Submerged "out-of-water". That is not possible. It is either submerged or it is out of water. Even when an object is submerger or partically submerged it will not weigh less. The physical characteristics (weight) of the object cannot be changed. The object, when placed in water will displace a certain amount of water and the object will float if the weight of the displaced water is more that the weight of the object. The object will then sink if it weighted more that the weight of the water it displaces. That said, the actual weight of the object doesnt change but if a scale were attached to it while hanging in air, it would read greater that when the object is floating or submerged in water.

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ject weighs maximum in air ,hydrogen ,water, oil?

Weight is dependant upon gravity and the relationship to large bodies of mass such as planets. However, if you were to be put into a vacuum on the surface of the Earth, you would way less. There is air pressure pushing down on you and that would add some weight. It also pushes up on parts of you. The difference is not likely to be very significant, but it should be measurable. However, I don't volunteer to be the person in the vacuum chamber! I am not a scientist, but I believe that you would weigh very slightly more in a vacuum. Think of our atmosphere as being a liquid of very low density compared with water. An object that floats in water displaces water in the amount of the object's weight; if you put a scale under a floating object, the scale registers the object's weight as zero. A perfectly bouyant object has the same density (specific gravity) as water, and as such will have a substantial weight if measured on land. But it will have no weight if weighed in water. An object that sinks in water will have weight, but it will weigh its land weight minus the weight of water displaced by its volume. This should be the same for a person (in a pressure suit, of course). The person will not be bouyed up at all by the atmosphere.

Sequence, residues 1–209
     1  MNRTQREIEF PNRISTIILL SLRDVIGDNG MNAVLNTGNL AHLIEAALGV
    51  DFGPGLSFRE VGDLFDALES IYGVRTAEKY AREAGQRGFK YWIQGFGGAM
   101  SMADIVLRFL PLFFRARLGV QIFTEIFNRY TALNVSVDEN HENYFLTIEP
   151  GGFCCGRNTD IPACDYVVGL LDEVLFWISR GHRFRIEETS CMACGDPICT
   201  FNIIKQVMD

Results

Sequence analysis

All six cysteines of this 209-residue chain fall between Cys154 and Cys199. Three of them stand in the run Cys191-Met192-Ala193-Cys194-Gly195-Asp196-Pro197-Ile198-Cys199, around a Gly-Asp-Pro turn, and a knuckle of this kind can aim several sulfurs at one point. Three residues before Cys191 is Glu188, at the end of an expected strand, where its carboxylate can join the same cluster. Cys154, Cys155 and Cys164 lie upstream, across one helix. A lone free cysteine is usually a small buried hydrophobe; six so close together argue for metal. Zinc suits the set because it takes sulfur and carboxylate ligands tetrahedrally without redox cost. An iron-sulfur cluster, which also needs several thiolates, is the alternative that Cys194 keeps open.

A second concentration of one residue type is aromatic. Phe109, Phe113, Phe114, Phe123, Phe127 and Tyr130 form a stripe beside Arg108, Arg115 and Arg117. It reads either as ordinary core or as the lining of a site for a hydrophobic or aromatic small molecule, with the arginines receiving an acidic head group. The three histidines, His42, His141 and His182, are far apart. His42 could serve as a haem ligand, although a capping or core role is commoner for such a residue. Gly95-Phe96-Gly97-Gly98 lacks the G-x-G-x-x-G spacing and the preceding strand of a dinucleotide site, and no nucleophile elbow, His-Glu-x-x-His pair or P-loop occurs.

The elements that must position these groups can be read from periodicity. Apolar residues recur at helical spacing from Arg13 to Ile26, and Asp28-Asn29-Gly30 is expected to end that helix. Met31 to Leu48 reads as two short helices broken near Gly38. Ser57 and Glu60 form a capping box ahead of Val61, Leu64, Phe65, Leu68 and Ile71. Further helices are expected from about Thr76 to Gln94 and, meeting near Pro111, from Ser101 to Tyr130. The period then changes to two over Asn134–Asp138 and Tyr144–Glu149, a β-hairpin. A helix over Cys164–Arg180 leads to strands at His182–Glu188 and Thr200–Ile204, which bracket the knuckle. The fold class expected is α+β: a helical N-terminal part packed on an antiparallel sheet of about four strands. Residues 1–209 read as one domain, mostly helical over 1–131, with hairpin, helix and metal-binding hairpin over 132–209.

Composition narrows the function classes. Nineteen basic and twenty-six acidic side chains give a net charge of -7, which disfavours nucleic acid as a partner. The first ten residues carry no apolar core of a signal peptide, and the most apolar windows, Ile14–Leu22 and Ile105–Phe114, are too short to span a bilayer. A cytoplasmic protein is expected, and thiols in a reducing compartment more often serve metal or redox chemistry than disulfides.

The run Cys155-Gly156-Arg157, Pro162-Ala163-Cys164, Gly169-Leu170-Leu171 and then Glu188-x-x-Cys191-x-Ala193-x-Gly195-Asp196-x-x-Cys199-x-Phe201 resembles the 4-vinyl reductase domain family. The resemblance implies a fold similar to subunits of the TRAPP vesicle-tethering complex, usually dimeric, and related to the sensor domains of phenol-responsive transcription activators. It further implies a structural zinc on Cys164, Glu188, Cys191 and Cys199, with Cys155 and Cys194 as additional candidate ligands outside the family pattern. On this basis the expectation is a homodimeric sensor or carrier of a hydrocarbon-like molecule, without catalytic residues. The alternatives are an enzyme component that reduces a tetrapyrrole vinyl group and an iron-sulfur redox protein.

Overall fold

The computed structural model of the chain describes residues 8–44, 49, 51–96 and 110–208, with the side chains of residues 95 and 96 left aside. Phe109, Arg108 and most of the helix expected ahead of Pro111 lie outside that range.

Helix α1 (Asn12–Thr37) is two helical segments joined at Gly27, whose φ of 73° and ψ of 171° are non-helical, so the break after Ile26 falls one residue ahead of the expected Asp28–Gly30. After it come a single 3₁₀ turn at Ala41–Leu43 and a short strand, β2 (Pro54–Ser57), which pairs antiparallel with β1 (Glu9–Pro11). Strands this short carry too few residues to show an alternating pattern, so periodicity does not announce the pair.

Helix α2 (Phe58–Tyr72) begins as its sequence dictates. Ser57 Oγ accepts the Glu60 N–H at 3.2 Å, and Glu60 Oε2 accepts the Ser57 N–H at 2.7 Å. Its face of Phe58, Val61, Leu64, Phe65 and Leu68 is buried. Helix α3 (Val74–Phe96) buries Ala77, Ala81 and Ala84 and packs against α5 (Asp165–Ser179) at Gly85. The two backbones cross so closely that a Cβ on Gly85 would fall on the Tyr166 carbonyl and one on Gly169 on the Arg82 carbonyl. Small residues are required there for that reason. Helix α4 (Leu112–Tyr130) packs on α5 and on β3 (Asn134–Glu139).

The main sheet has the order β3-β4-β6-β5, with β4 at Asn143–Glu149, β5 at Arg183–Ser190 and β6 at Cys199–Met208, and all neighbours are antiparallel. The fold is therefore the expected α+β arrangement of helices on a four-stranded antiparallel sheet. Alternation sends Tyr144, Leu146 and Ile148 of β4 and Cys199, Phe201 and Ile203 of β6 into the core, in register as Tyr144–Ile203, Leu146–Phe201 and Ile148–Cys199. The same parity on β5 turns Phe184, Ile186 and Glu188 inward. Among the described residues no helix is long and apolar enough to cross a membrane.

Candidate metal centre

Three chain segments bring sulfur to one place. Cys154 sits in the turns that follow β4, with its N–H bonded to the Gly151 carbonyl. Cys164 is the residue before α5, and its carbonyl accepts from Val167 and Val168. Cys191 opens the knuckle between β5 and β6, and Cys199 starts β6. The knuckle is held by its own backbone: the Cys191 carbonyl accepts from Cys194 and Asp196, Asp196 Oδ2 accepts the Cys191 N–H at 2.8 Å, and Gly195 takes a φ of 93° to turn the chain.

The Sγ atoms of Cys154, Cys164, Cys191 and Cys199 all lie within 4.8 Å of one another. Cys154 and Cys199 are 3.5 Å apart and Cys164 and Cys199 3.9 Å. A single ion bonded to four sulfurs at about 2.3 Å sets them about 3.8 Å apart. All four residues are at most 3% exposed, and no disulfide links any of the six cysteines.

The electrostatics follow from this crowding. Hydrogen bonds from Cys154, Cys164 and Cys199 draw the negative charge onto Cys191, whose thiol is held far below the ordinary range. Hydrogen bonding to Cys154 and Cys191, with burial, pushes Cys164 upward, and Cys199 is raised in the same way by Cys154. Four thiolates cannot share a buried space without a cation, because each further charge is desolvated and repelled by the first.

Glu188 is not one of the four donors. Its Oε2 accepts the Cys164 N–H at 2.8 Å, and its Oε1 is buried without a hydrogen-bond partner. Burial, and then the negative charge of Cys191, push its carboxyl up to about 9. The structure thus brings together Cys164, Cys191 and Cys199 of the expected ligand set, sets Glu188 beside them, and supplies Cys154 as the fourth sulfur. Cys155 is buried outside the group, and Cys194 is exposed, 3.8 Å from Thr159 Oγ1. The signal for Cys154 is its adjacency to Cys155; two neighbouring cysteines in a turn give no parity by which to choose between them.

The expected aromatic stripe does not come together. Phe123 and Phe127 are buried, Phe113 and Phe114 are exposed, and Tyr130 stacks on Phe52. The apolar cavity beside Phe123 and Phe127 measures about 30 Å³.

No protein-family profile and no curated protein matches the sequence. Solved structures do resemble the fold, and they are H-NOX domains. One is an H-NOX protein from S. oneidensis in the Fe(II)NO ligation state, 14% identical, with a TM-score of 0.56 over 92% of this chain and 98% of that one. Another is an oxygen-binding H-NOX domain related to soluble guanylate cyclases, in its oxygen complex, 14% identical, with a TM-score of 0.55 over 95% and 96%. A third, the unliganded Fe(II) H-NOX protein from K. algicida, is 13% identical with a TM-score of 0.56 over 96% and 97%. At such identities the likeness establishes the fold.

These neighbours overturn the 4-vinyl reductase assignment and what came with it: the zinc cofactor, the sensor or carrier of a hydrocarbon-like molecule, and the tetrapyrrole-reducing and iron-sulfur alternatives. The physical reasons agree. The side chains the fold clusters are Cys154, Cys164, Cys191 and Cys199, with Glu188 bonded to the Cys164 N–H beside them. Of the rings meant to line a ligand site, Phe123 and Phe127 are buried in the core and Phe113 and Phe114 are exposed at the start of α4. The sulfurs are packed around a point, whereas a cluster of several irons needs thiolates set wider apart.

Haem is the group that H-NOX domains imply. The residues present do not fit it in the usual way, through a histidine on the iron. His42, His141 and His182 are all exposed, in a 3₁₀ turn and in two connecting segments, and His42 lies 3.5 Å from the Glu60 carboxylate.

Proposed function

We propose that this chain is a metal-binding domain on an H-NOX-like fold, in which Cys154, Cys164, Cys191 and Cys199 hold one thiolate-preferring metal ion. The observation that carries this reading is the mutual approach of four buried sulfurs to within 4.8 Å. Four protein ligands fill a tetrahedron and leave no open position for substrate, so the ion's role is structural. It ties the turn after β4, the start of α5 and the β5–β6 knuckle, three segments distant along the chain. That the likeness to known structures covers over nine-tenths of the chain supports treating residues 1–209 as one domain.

Yes, when the object is submerged in water then water exerts opposite buoyonci force which decrease the weight of object.